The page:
Undergraduate Student Researchers, Preferred Learning Styles, and Basic Science Research: A Winning Combination

LORI A. WOESTE and BEVERLY J. BARHAM
Abstract: In basic science research, student researchers are often challenged with not only the technical portion of the research design but also the team dynamic. Understanding how a student prefers to learn can provide an advantage for mentors to better meet these challenges. In this article, the authors describe the experience of working with student researchers with different preferred learning styles and how knowing this information contributed to creating a positive learning environment resulting in a winning combination for the research team. Keywords: learning efficacy, preferred learning styles, student researchers

he combination of undergraduate students and basic science research experiences outside of the traditional classroom can be exciting and rewarding. Because students come prepared at different levels of technical expertise and knowledge, there is sometimes a steep learning curve for both the students and the investigators until minimal competencies can be reached and students become more comfortable as contributing members of the research team. To better meet these challenges, it is beneficial to assess the students’ preferred learning style(s), as learners of all ages have different characteristic strengths and preferences in processing information. Auditory learners are more comfortable with verbal forms or spoken explanations. Visual learners tend to focus on visual facts, data, and algorithms. Kinesthetic learners prefer to learn actively with movement (Kolb 1984). The information gained from such analyses enables the design of learning resources to be tailored to the needs of the learners. After identifying the students’ preferred learning style(s), an instructor can use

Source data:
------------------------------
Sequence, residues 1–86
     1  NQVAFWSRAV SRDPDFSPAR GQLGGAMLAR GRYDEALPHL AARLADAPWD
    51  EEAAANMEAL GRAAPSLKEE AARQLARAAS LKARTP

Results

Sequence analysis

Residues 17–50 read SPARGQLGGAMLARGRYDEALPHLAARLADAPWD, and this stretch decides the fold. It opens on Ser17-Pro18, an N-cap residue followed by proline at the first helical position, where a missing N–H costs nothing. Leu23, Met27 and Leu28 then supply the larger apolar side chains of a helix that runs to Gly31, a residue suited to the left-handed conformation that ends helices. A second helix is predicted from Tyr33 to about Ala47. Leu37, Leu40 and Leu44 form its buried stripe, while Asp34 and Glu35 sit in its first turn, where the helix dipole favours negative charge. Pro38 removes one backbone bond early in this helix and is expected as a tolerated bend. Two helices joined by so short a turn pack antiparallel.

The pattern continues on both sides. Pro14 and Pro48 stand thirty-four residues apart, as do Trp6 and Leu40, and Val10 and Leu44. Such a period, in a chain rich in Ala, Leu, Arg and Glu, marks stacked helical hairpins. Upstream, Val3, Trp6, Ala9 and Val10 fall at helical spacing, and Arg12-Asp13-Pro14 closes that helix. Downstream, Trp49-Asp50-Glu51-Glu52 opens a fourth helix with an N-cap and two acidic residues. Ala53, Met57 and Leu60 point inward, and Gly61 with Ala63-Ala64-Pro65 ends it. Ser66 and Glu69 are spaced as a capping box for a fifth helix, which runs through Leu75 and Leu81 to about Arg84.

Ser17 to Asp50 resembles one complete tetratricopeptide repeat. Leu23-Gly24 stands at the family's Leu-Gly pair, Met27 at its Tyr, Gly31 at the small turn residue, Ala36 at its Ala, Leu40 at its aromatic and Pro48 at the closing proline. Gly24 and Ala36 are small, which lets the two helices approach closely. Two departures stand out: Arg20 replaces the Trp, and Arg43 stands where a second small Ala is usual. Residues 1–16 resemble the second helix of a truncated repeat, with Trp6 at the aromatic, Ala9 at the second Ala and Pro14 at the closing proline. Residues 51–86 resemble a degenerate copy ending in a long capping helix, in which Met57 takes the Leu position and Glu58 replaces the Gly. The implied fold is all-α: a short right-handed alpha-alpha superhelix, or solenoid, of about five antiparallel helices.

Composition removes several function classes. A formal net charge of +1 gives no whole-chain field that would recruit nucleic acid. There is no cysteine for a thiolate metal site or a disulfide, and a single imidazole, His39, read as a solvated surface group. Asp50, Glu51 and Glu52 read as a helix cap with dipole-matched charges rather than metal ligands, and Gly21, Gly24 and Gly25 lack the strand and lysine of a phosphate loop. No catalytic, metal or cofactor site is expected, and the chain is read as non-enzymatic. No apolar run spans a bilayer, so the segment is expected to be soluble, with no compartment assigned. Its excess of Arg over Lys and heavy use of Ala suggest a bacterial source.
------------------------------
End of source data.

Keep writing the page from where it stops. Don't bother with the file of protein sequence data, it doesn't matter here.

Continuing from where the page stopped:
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a variety of strategies to create an intriguing learning environment on a consistent basis. Developing an environment directly connected to individual learning styles is important. According to Lawrence (1994), engaged learners absorb more in a classroom situation; therefore, we wanted to see if this observation held true in a concentrated, basic science research environment. In addition to our current roles as both lecture and laboratory instructors, we were able to invite two students to participate in a grant-funded basic science research investigation. Having limited opportunities to participate in basic science research with students, we were excited at the chance to provide a different learning experience for these students. Before we began working on the basic science research protocols, we determined the two students’ preferred learning style(s). We did this by using a self-reported learning styles inventory (Haroun and Royce 2004). Through a series of statements, this instrument aids in the identification of preferred learning style(s) from the three different types: auditory, visual, and kinesthetic. The survey takes less than ten minutes to administer and evaluate. We previously used this survey information in our traditional classrooms for allied health students. We found it to be an incredibly useful tool in developing course content, both in the classroom and laboratory portions of our courses. Over the previous four years, the learning style preferences of our classroom cohorts have been approximately 15 percent auditory, 40 percent visual, and 45 percent kinesthetic. This is the first time we used this approach outside the traditional classroom and applied it in a basic science research environment.